Contribution of NAC Transcription Factors to Plant Adaptation to Land

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Science  28 Mar 2014:
Vol. 343, Issue 6178, pp. 1505-1508
DOI: 10.1126/science.1248417

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From Drips to Tubes

In the evolutionary transition from aquatic to terrestrial habitats, plants acquired internal systems to transport water and provide structural support. Xu et al. (p. 1505, published online 20 March) studied a family of genes and the cells they control to better understand the innovations required to adapt to dry land. In Arabidopsis, specific transcription factors regulate development of xylem—the plant tissue that transports water. The moss Physcomitrella patens has similar genes, which regulate development of hydroids and stereids, cells specialized in water transport and structural support. The similarity in the genes and their functions suggests the evolutionary origins of land-plant vascular systems.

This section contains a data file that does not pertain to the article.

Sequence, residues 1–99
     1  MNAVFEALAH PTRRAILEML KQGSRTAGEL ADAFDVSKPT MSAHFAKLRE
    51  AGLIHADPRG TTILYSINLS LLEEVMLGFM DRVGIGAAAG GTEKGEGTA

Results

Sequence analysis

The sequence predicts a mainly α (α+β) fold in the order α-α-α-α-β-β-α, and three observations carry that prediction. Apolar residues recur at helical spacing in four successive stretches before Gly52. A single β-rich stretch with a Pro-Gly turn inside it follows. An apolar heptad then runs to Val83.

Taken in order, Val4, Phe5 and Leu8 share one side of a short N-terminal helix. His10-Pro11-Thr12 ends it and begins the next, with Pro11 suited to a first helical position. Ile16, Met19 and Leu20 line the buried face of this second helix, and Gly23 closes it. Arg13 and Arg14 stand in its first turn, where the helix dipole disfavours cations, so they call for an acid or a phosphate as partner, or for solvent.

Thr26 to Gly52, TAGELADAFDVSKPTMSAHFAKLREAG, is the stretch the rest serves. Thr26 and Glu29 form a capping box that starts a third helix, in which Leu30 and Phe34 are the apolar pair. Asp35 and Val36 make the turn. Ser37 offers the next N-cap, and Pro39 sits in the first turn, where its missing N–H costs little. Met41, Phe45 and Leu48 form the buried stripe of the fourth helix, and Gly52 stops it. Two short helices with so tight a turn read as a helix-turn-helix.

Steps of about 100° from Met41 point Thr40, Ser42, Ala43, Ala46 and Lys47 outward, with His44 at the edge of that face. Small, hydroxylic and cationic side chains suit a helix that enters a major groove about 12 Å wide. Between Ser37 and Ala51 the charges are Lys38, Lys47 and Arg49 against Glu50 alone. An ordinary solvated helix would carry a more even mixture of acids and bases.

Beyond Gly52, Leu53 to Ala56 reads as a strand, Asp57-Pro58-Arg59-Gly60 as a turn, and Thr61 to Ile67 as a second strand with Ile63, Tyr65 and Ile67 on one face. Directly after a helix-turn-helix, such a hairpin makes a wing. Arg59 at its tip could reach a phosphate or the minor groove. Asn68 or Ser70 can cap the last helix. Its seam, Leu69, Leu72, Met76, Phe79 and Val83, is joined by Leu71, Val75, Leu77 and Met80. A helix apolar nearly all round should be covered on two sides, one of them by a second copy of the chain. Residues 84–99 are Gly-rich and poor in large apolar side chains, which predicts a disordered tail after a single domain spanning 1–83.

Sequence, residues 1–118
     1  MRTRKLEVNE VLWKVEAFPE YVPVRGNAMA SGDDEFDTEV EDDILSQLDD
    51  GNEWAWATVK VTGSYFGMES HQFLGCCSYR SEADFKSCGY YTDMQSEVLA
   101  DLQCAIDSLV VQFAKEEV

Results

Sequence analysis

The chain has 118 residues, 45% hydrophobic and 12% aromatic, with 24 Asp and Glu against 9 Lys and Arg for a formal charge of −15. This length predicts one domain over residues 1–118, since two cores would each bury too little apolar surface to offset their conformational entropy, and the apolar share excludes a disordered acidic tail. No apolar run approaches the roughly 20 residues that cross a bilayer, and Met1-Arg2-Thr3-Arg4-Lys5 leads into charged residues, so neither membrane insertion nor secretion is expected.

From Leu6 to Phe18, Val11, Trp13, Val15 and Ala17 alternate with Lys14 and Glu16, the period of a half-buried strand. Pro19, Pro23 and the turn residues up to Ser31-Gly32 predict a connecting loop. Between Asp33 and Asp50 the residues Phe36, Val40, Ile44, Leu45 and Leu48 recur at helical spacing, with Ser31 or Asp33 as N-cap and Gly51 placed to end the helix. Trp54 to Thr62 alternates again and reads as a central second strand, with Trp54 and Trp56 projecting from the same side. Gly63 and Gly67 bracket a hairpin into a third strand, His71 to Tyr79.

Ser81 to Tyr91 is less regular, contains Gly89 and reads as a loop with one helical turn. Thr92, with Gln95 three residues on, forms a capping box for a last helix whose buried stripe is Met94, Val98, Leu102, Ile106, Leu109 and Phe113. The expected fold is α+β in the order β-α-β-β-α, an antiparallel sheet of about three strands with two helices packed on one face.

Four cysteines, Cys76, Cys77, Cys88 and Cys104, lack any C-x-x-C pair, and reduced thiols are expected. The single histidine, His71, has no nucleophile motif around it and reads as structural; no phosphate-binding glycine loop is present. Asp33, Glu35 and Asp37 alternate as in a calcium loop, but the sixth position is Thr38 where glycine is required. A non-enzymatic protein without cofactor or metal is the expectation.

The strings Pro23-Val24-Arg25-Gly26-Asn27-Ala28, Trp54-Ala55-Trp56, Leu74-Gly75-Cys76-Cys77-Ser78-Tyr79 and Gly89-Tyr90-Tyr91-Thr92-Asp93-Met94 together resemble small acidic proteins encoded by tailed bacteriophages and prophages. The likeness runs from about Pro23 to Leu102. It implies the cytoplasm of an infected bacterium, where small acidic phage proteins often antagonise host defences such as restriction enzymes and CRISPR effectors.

The development of cells specialized for water conduction or support is a striking innovation of plants that has enabled them to colonize land. The NAC transcription factors regulate the differentiation of these cells in vascular plants. However, the path by which plants with these cells have evolved from their nonvascular ancestors is unclear. We investigated genes of the moss Physcomitrella patens that encode NAC proteins. Loss-of-function mutants formed abnormal water-conducting and supporting cells, as well as malformed sporophyte cells, and overexpression induced ectopic differentiation of water-conducting–like cells. Our results show conservation of transcriptional regulation and cellular function between moss and Arabidopsis thaliana water-conducting cells. The conserved genetic basis suggests roles for NAC proteins in the adaptation of plants to land.

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